In 1983 I began my “American dream” in this country that has given me so much in the last 40 years: a great family, two children, a lot of work and great experiences.
My immigrant story was not a very traditional story, but ultimately, one more page in the book that Latinos in the United States are writing.
Who would say that this young Mexican who came to spend a summer in Los Angeles, California (grandson of two constituent deputies from the countries of my father and my mother: Rafael Martínez Mendoza, constituent of Mexico in 1917 and Jerónimo Gomariz La Torre, constituent of the second Spanish Republic, he would end up working in five presidential elections in the United States of America, producing and directing messages for the candidates for the most important post in this country: candidates such as George W. Bush, John McCain, Mitt Romney and Jeb Bush, towards the increasingly coveted Hispanic voter, also making messages of attack against the one who made his main campaign banner to attack us, Donald J. Trump, whom we gladly managed to defeat together with The
, many other organizations and millions of Hispanics more who joined so that he was not reelected.
This unexpected path led me to study film in Hollywood and the distribution of Mexican cinema in Spanish-language theaters in many parts of the country with AztecaFilms.
It also led me to be the Satellite Coordinator of the Univisión National newscast, in its beginnings.
But mine is just one of those millions of Latino stories that are written every day across the country.
To make a short summary of what Latinos have advanced in these four decades, let's look at the numbers of where we were 40 years ago, where we are now and where are we going?
In the early eighties we were less than 15 million Hispanics, only a quarter of what we are now.
There were fewer than a dozen Latino congressmen, a single Latino governor, John Sununu of New Hampshire, born in Cuba to a Salvadoran mother.
There was no Latino senator at the time, and we had only had three in the entire 20th century.
Some mayors like Federico Peña who made history as the first Latino mayor of Denver, Colorado, and no member of the presidential cabinet.
The president was Ronald Reagan, former governor of California and someone who understood very well the importance of Latinos, of immigrants, so much so that he was the one who proposed and achieved comprehensive immigration reform in 1986. Something that no other president has achieved and in fact , was also the first to name a Latino as a member of his cabinet, Lauro Cavazos, Secretary of Education.
Today, according to the last census, we are more than 62 million Hispanics, 18.9% of the population, or one in five Americans.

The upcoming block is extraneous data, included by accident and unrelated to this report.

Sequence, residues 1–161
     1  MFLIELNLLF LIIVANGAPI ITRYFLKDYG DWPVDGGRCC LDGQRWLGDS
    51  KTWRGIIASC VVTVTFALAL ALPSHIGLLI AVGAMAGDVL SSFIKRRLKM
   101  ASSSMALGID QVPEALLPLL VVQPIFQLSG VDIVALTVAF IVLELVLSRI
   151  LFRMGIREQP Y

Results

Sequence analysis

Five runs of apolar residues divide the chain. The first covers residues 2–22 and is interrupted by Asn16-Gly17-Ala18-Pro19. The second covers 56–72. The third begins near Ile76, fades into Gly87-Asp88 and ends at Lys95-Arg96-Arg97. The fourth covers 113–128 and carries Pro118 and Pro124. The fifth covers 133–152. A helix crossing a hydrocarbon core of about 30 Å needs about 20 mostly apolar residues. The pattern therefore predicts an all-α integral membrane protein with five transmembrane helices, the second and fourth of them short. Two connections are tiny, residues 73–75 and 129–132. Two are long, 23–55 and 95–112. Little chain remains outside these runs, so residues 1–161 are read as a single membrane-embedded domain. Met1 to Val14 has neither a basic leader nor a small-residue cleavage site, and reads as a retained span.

We are the second largest population group in the entire country, the largest population group in California and Texas.
We are more than 50% of the country's population growth.
I don't know which countries in the world have quadrupled their population in four decades, but if we were an independent country, our size, compared to other nations, would be impressive.
We would be the second most populous Hispanic country in the world, after Mexico, third if Brazil were considered as Hispanic.
We are more Latinos in the US than Spaniards in Spain or Canadians in Canada.
As an economy, we have purchasing power (or let's call it our Latino GDP of almost 3 billion dollars) and as an independent economy, we would be bigger than the economies of the United Kingdom, France or India, according to a study by the Latino Donor Collaborative and Wells Fargo.
We have already elected more Latino governors like Bill Richardson, Susana Martínez and Michelle Luján Grishman, from New Mexico;
Bob Martinez from Florida, and Brian Sandoval from Nevada.
Many mayors of the most important cities such as Los Angeles, which had Antonio Villarraigosa a few years ago and what to say about San Antonio, Texas and Miami Florida, where it is already very common to have Latino mayors.
We have six Latino senators: four Democrats and two Republicans from the states of California, Texas, Florida, New Jersey, Nevada and the first female senator in its history and the first Latina, Catherine Cortez Masto.
There are 39 congressmen and three members of President Biden's Cabinet, the secretaries of Homeland Security, Education, Health and Human Services.
We have achieved a lot, but there are still many stories to write.
With these numbers we have a great responsibility that we must address.
In terms of political representation, we are almost 19% of the population, but even so, according to NALEO numbers, today we are only 2% of elected officials at the national level.
We need to grow and have even more representation, and in both parties.
Will we see a Latino president in the not too distant future?
I do not doubt it, but we must participate more in the public life of the country, not only vote, but be voted for.
We should be very proud, because with every Latino who is born in this country, who decides to make the United States their home, as I did 40 years ago, there is a story of the future to be written.
Yes, the United States is not perfect and it has many things to improve, but it definitely continues to be that place of opportunities where millions of people write or rewrite their stories.
As a proud Hispanic/Latino from the United States who marks two-thirds of his life in this country this year, and whose second-generation children are writing their own stories, who now identify as Latinx, I can assure you that the next chapter
this country, we are writing it largely with letters in Spanish.
I invite you to share by this means, El País América, your stories as well.
César Martínez Gomariz is a publicist and political consultant.